Teaching John Stuart Mill in Iran: A Conversation with Norman Finkelstein

Norman Finkelstein is of course best known for his work on the Israeli-Palestinian conflict—his bookslectures and media interviews on the subject over the last three decades—and for the considerable controversy it has generated.
 
Less known is that for many years he also taught political theory. It might come as something of a surprise that among his favorite works is John Stuart Mill’s On Liberty. This might come as a surprise since Finkelstein is well to the left of most admirers of the iconic nineteenth-century liberal thinker. Of course Mill was also a socialist and a feminist—indeed an early one (see Martha Nussbaum’s comments at the end of this interview). But in postcolonial studies Mill is widely regarded as an imperialist and a racist. An ambiguous and contested legacy, to be sure—which is part of Mill’s enduring hold on us.
 
Finkelstein recently taught a short course on Mill’s On Liberty in Iran. There’s a whole literature devoted to this phenomenon. Norma Moruzzi has written about reading Hannah Arendt in Iran. Ali Paya and Mohammad Amin Ghaneirad have mapped the multiple spheres of influence that Jürgen Habermas enjoys in Iran. The Iranian philosopher Ramin Jahanbegloo has published a book of conversations with Isaiah Berlin. (I myself have written a short book on Iran’s engagement with liberal thinkers.) When leading political thinkers (of varying persuasions) from Europe or North America—from Habermas and Antonio Negri to Richard Rorty and Immanuel Wallerstein—visit Iran, their lectures are major events and occasion considerable buzz. (For more on this, see Mehran Kamrava’s book Iran’s Intellectual Revolution, Farzin Vahdat’s God and Juggernaut: Iran’s Intellectual Encounter with Modernity, and Mehrzad Boroujerdi’s Iranian Intellectuals and the West.)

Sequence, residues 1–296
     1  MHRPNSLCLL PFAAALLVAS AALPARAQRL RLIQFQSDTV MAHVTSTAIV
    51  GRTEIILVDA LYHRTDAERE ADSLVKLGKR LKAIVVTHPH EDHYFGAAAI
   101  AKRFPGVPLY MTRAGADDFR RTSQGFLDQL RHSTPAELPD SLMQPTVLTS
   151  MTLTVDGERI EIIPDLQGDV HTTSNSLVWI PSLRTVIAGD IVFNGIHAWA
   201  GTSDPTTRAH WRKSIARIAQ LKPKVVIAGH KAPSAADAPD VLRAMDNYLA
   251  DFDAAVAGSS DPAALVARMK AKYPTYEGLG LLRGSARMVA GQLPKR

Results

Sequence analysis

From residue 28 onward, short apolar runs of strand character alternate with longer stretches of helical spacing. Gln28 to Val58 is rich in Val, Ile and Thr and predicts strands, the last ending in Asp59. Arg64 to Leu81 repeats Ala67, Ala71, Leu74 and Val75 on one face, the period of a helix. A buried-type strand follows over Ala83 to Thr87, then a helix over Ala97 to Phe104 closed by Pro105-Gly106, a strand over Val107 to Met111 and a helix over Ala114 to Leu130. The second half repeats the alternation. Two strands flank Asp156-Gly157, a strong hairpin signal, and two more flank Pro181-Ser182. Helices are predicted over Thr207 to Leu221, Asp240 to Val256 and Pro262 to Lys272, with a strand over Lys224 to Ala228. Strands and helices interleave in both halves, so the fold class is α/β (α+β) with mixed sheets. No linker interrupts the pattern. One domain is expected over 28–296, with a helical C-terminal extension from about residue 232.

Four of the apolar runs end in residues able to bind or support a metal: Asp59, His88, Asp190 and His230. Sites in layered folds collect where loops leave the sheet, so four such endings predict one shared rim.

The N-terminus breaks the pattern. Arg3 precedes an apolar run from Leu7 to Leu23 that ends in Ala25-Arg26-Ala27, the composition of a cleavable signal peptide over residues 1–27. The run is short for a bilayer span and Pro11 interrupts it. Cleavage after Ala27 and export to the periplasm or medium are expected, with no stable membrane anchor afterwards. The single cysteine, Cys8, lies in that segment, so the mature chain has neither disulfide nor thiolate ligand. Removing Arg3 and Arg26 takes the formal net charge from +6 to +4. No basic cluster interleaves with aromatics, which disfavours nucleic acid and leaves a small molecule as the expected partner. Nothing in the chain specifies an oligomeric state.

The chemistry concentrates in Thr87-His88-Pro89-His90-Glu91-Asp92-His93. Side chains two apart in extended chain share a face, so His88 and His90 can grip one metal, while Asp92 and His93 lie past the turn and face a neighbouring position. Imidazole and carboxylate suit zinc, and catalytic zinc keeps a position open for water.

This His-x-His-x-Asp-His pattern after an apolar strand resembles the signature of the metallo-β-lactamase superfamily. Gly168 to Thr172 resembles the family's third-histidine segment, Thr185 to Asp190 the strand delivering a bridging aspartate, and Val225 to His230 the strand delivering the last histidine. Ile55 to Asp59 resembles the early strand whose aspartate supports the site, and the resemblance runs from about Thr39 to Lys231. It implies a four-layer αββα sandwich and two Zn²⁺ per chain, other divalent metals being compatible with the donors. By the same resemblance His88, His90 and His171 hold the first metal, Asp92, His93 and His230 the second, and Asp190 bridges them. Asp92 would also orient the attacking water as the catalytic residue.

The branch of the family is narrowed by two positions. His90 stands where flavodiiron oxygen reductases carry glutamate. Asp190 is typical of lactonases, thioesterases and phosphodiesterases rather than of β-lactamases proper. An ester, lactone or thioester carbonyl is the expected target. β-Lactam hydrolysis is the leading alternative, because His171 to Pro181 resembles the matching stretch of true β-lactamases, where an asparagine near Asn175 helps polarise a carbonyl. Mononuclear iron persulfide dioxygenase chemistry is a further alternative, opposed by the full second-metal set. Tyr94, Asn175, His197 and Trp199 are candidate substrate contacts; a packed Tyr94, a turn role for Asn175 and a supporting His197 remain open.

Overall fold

But Finkelstein did something a bit different. His students weren’t the usual liberal-minded suspects—who represent a significant swath of Iran’s educated classes, incidentally (a phenomenon that is underestimated and trivialized by many Western leftists, which I regard as a form of Left Orientalism).  It would have been easy for him to teach the depredations of U.S. and Israeli policy in such a context—but it also would have been incredibly boring. He did something far more interesting. He taught Mill to largely conservative-oriented students in an institution that cranks out apparatchiks for the Islamic Republic.
 
That is just wickedly cool. Here’s our recent conversation about that experience.
 
 
The interview was filmed on April 24, 2014, as part the series of conversations with our guest lecturers that our Center for Middle East Studies at the University of Denver produces. 

Jewish American Relationship with Israel at the Crossroads

My friend Adam Shatz moderated this debate between Norman Finkelstein and Anna Baltzer at The New School in New York. For the record, I’m with Baltzer.

The New School for Public Engagement is a division of The New School, a university in New York City offering distinguished degree, certificate, and continuing education programs in art and design, liberal arts, management and policy, and the performing arts. | http://www.newschool.edu/public-engagement

Continue reading “Jewish American Relationship with Israel at the Crossroads”

United States of Israel

Sarah Palin is just the latest GOP politician to visit to Israel after a string of possible Presidential hopefuls to make a pilgrimage to the Holy Land in the past few months. Why is establishing your credentials in Tel Aviv before running for US president as vital as stumping in New Hampshire?

Norman Finkelstein v. Benny Morris

To readers I would highly recommend Norman Finkelstein’s new book, ‘This time we went too far’. It is the most systematic and thorough dismantling of the hasbara edifice erected by Israel and its apologists (including Morris). On paper, Morris is a fine historian, but in his media appearances he always dons the hat of the propagandist. In this debate from Russia Today’s CrossTalk, Benny Morris comes across as defensive and boorish. He uses the familar tools of the propagandist, derision and ridicule, to evade serious questions. Every one of his claims about Gaza — that Hamas used human shields, and that its leadership took sanctuary in basements of hospitals — is rebutted by extensive research carried out by the Goldstone Commission, Amnesty International and Human Rights Watch. (via MondoWeiss)

On this edition of Peter Lavelle’s CrossTalk, he asks his guests whether the current “indirect talks” between the Israelis and Palestinians are a waste of time.

Impact of the Gaza war on Israel

Norman Finkelstein on Al Jazeera’s Riz Khan Show.

Has there been a shift in Israel’s ties with its allies since the Gaza war and how will that affect the peace process with the Palestinians? Is international support for Israel dwindling since the Gaza war and is it losing the battle for global public opinion?